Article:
FORSETT: I was at a point in my career where I had been through so much, and had been in the shadows for so long, I was really at peace in knowing that I was going to be successful, whether it be in football or out of football. That was a credit to my faith, just trusting that God was going to open up something for me and I was going to be able to excel at it. I was ready.
VRENTAS: What role did Gary Kubiak play in bringing you to Baltimore?
FORSETT: Me having had a relationship with him in Houston and having had success there, and him knowing what kind of guy I am and what kind of worker I am, was key when they were looking for some depth at the running back position. For him to go out and tell Ozzie [Newsome] and John [Harbaugh], ‘Hey, this guy can play,’ was key for me to get a shot, to even get a call.
VRENTAS: There was nearly a month between when you were cut by the Jaguars and when you signed with the Ravens. What happened during that time?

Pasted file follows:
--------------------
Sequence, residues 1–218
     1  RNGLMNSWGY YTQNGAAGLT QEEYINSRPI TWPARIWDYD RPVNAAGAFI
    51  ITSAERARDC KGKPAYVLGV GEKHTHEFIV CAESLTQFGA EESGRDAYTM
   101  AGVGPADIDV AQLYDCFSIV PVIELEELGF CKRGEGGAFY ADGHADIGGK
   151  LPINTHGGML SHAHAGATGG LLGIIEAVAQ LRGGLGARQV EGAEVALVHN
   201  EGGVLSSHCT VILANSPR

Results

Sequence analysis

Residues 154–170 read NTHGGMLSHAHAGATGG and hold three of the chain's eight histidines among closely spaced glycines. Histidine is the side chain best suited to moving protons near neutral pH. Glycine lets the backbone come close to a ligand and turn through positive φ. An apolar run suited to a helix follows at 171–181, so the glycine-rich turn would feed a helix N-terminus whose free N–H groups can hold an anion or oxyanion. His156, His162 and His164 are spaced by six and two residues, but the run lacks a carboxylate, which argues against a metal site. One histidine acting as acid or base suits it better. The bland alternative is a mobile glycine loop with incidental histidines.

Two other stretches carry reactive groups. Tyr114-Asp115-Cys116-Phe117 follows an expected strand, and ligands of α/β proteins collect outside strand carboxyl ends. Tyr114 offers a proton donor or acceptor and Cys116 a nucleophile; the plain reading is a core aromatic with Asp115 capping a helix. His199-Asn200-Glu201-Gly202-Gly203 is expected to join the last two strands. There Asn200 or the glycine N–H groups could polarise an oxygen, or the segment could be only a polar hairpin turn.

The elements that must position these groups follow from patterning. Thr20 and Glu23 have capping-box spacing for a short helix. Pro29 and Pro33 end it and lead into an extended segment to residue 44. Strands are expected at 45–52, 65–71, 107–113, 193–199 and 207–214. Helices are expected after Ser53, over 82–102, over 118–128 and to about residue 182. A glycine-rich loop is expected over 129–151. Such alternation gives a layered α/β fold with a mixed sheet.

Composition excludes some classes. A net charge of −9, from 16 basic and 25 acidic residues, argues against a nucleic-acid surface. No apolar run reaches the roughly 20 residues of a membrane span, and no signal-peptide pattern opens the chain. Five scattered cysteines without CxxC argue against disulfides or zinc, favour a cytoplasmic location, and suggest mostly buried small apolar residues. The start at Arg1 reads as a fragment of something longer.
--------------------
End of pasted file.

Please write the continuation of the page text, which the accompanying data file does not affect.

FORSETT: It was crazy because at first, when I got cut, we heard from [the Ravens] that there may be some interest, and then weeks and weeks went by and we hadn’t heard anything. So I didn’t know if it was going to come to fruition. I was still working out and training for that opportunity, working as hard as I ever did. But I was also exploring that other realm of things I was interested in. And then I finally got that call. I don’t remember what day it was, but I was just leaving Cal from training, and [my agent] called me and said, ‘We got an offer for you.’
VRENTAS: What is it about Kubiak’s offensive scheme that creates a successful running game, and why are you such a good fit for it?
FORSETT: In the zone running scheme, you are trying to get the defense to move horizontal, which creates space and lanes. I’m a decisive runner. I like to get my foot downhill, and make that one cut and go. It’s perfect in that scheme, because I get to choose my lanes and really have the option of where I want to go. And we have success with it. I have been in it for a long time, maybe six years of my career have been in that type of offense, so it’s repetition, patience. And you’ve got to be tough; you’ve got to be physical to be able to run inside and outside, so it’s something that I pride myself in being able to do.
VRENTAS: You, Kubiak and Steve Smith were all let go by your previous teams, and you all have been a huge part of the Ravens’ success. Is there a shared feeling of wanting to prove people wrong?